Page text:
Operations and security
Once the service has been set up, and pricing understood, you need assurances that services will run smoothly, and an understanding of what will happen if they don’t. One important question to ask here is how changes in the CSP’s infrastructure will affect your services. If it upgrades its software, for example, will you be forced to accept the upgrade or can you opt out of it to choose an upgrade on your own schedule?
Ongoing operations is also where security comes into play. Before entering into any agreement with a CSP, you should demand evidence of a security audit. Can a third party conduct such an audit, or can the CSP provide results of security audits from the last year? Have there been any breaches in the past?
Certification is key here. There are various levels of security certification that a CSP can attain. The past incumbent, SAS 70, focused more on methods of reporting around internal data center controls. In 2011, that was superseded by SSAE 16, which required a written statement from a data center’s owners about the effectiveness of their controls.
SSAE 16 has two levels, but one of the most stringent controls goes beyond this. Service Organization Control (SOC) again has two levels of importance. SOC 2 requires management to report on data center practices in several key areas: security, availability, processing integrity, confidentiality, and privacy.
The Payment Card Industry Security Standards Council also provides PCI-DSS, a standard detailing requirements for processing credit card payments. This is one of the most technically prescriptive standards, with a strong operational focus, and is currently in its third version. All of these certifications are useful benchmarks.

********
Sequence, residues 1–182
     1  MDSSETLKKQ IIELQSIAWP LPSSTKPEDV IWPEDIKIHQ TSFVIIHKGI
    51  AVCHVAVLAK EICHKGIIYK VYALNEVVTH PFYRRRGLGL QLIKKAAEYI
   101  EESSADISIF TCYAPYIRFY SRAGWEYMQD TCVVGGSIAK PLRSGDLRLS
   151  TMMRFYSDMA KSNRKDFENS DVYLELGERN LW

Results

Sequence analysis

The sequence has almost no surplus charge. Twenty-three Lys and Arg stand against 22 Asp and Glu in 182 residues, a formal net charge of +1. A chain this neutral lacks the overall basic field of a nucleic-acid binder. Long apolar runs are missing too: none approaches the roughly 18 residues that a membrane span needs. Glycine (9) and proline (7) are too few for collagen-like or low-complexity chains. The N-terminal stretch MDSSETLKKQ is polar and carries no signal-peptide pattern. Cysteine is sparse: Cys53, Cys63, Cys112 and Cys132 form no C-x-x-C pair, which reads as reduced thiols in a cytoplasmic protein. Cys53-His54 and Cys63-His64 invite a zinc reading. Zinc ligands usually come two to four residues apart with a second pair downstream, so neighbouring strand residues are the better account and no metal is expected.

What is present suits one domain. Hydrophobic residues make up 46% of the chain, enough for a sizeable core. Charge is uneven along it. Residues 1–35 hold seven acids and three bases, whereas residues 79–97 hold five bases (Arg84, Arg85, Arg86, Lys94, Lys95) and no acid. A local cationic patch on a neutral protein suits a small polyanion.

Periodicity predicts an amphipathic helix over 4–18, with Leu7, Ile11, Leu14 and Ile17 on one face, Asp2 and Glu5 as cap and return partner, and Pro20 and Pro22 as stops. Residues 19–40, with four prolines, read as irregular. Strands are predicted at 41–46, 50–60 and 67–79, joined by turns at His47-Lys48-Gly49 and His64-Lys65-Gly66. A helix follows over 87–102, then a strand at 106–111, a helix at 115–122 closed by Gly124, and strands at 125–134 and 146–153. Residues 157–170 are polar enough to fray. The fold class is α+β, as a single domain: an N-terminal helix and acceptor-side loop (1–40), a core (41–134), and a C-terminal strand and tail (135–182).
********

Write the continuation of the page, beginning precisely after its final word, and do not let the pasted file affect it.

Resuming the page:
If it all goes wrong
Hopefully, asking these questions will get you a long way towards choosing the right CSP. However, things can still go wrong, and it is important to understand how you will be able to mitigate the damage and extract yourself from a situation in that event. In particular, if your CSP suffers a data breach and loses your data, will it bear some of the cost? Does it have a cyber-risk insurance policy in place?
At some point, you may decide to terminate the agreement. If that happens, what are the conditions for doing so? Are there penalties? And how will you retrieve your data if you back out of the relationship? Is there a cost for that?
All of these questions should feature on your checklist when beginning negotiations with a CSP, but there are many more. One go-to document is the Cloud Security Alliance’s Cloud Controls Metrics (CCM) guide. This will give you the ability to conduct a deep dive into a CSP’s security capability.
Just as when starting any business relationship, it is impossible to be 100% safe when choosing a CSP. Nevertheless, you can at least increase your level of certainty and protection with some due diligence. With such an important resource at stake, it’s worth the effort.